One of the mysteries of the English language finally explained.
A plant of a genus that includes the ragworts and groundsels. Many kinds are cultivated as ornamentals and some are poisonous weeds of grassland.
- ‘Plant up your pots, containers and window boxes with evergreen foliage plants such as senecio, ivy and skimmia to give you winter interest.’
- ‘In the Youngs' garden, bluish senecio grows beneath a gray-blue pindo palm.’
- ‘A square pewter container was next, containing black dogwood stems, large green chrysanthemums, white lilies, the palest green flowers surrounded by senecio and rosemary, and yellow cymbidium orchids cascading over the edge.’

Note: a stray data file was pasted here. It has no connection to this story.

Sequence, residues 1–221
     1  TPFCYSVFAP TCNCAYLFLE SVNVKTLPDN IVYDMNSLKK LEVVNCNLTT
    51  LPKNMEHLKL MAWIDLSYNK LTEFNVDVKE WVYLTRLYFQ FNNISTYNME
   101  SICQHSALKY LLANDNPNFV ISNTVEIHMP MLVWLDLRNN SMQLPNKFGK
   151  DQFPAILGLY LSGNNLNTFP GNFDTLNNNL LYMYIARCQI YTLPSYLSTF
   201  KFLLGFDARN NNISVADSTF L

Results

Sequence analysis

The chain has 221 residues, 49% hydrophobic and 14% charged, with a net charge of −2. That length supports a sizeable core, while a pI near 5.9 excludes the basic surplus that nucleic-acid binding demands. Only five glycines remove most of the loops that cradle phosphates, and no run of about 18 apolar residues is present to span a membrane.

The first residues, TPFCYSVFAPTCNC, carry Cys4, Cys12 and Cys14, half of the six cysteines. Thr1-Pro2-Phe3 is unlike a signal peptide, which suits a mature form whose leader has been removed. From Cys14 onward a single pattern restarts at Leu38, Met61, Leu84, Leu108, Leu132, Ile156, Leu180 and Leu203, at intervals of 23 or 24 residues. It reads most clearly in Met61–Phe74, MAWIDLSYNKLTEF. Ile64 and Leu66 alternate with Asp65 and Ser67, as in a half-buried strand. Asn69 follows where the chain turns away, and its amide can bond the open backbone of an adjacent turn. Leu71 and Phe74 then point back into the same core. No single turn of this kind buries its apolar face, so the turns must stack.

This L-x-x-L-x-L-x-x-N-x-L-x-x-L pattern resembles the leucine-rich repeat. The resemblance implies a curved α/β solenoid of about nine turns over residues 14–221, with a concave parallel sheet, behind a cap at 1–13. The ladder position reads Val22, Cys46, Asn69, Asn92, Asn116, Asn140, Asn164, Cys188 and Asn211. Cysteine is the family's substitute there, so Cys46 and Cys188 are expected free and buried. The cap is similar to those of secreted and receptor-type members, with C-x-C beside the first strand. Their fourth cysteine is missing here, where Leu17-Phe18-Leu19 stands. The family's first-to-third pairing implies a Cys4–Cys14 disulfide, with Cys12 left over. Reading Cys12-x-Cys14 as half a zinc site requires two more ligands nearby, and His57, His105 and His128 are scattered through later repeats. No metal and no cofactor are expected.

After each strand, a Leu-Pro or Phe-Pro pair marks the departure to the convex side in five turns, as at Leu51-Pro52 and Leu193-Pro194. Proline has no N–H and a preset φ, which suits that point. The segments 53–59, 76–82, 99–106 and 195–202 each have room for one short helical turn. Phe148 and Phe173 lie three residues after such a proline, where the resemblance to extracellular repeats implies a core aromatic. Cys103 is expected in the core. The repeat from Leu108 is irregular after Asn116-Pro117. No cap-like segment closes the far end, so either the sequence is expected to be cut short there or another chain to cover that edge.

- ‘Prune grey-leaved shrubs such as artemisia, lavender, sage and senecio to new shoots within 10 cm of the base.’
- ‘Another garden has a towering eryngium, variegated agapanthus, cotoneaster, the bottle brush tree, senecio, a red leafed Trachelospermum and a cotinus - a wonderful contrast of shades and shapes.’
Modern Latin, from Latin, literally ‘old man, groundsel’, with reference to the hairy white fruits.
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